Scruffy Charlie
  |  First Published: September 2012

This month’s pattern has attributes of a few different flies and, although it doesn’t imitate any particular food item too closely, it definitely produces strikes from a broad array of species in saltwater and fresh.

The Scruffy Charlie is a clone of the highly popular Crazy Charlie pattern that was originally tied for bonefish yet has since proven itself on a large array of species.

The Scruffy Charlie possesses a little more bulk and movement in the water that many other Charlie clones. It can be tied in an array of colours and with many variations to suit different fishing scenarios and species.

The pulsation and movement exhibited by the materials when they are wet is what really makes this pattern enticing and life-like. I am not really sure what the Scruffy Charlie most closely imitates but it does produce strikes.

The particular coloration of the pattern I am tying here is how I first saw the Scruffy Charlie. The angler who showed me this fly had tied it for casting around the pontoons and jetties in canal systems. He had caught many different species on it and I can only imagine that the Scruffy Charlie looked somewhat like the numerous small black shrimps that often reside around the oysters, weed and barnacles on the posts and pontoons in such systems. I have since tied it in a broad array of different colours and have even substituted the materials several times.


The materials used in this pattern have several substitutes and you can really experiment with a broad array of possibilities when tying this pattern.

I have used various chenilles (mainly crystal, estaz, super salt, variegated etc) instead of the Diamond Braid, which is palmered around the hook to form the body. Remember however, that chenille will increase the bulk of the fly and decrease the sink rate.

I have also substituted the rubber legging material with various similar materials and even fine grizzly hackle at times. A different effect and increased movement can be achieved by tying the rubber legs at a 90º angle across the hook shank, to give more of a crab or insect appearance.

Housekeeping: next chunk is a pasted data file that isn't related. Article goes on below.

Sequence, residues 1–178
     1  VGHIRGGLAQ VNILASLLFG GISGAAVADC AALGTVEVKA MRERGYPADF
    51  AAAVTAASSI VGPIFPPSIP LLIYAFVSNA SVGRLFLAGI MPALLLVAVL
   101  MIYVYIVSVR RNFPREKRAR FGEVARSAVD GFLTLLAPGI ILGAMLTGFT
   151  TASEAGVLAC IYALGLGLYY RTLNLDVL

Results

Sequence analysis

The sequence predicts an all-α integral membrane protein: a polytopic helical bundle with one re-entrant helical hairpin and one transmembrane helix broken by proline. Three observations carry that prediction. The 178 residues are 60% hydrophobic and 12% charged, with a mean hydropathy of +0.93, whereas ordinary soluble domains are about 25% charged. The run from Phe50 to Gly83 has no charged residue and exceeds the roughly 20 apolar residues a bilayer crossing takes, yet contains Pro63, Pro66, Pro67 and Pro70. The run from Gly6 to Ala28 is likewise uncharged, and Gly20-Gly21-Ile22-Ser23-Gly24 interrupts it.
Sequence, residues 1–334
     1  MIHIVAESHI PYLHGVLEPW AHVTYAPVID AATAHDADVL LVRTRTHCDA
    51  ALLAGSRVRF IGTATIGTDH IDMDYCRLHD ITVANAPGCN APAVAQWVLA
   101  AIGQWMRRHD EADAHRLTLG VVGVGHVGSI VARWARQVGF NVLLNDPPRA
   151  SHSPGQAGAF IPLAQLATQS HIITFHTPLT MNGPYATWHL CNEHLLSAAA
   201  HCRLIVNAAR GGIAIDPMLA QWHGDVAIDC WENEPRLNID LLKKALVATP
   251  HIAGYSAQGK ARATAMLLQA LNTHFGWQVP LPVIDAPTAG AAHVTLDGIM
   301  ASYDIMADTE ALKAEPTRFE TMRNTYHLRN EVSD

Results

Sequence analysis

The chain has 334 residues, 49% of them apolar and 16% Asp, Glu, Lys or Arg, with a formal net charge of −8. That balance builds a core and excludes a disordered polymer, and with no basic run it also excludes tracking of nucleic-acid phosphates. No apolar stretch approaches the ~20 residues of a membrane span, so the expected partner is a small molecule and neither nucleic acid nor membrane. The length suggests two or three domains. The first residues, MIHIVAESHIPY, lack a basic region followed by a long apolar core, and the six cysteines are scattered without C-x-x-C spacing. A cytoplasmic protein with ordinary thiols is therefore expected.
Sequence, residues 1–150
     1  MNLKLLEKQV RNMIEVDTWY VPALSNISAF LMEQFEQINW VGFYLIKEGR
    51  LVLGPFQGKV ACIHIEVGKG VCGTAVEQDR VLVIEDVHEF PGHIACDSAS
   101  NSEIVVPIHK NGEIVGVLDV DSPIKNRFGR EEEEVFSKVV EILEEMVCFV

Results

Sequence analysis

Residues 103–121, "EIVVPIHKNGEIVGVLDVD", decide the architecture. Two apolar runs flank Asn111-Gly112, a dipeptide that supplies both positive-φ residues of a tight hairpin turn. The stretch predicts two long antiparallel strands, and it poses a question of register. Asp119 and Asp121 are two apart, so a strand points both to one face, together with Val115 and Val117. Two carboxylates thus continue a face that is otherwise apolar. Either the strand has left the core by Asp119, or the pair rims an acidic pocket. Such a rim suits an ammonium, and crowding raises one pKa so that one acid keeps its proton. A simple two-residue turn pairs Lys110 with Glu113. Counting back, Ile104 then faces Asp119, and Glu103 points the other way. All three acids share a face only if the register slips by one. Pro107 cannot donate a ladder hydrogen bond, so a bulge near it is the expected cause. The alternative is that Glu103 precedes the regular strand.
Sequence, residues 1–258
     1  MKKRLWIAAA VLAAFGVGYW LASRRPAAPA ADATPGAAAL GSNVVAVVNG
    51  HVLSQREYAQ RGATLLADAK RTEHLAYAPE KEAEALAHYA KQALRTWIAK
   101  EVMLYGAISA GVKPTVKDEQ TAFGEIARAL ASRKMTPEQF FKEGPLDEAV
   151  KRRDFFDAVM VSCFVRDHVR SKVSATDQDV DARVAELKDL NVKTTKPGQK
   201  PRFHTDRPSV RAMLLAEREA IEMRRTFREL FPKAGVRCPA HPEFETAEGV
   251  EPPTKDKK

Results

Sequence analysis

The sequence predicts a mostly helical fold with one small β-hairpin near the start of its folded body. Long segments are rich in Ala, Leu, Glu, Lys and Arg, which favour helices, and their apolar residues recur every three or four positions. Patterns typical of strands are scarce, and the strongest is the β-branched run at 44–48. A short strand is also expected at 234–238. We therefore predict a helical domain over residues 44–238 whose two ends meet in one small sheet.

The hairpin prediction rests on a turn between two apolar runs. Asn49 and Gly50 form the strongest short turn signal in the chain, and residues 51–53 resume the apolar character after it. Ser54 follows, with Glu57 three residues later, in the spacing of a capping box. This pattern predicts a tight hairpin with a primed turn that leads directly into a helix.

Different kinds of flashes in numerous colours can really provide some highlight and these will catalyse strikes from hesitant fish.

The style and weight of the pattern’s eyes can be varied for waters of different depths and current flow. Leech yarn has few substitutes other than various forms of dubbing (Lite-brite, Antron, Lazerlights, etc), however for ease of use and simplicity I prefer to use the Leech Yarn.

You could tie this pattern on a broad array of hook patterns. I prefer the Gamakatsu SL12S for saltwater use and a stinger pattern such as the Gamakatsu B10S for freshwater applications.


Crazy Charlie patterns, including the Scruffy Charlie can be fished in several ways.

The angler I first met who was fishing this pattern simply allowed it to drift in under the jetties and pontoons with the current, only giving it an occasional twitch. He was doing very well on bream and a few other species. Generally the Scruffy Charlie got eaten on the drop probably because it would have looked extremely life-like when fished in current in this manner.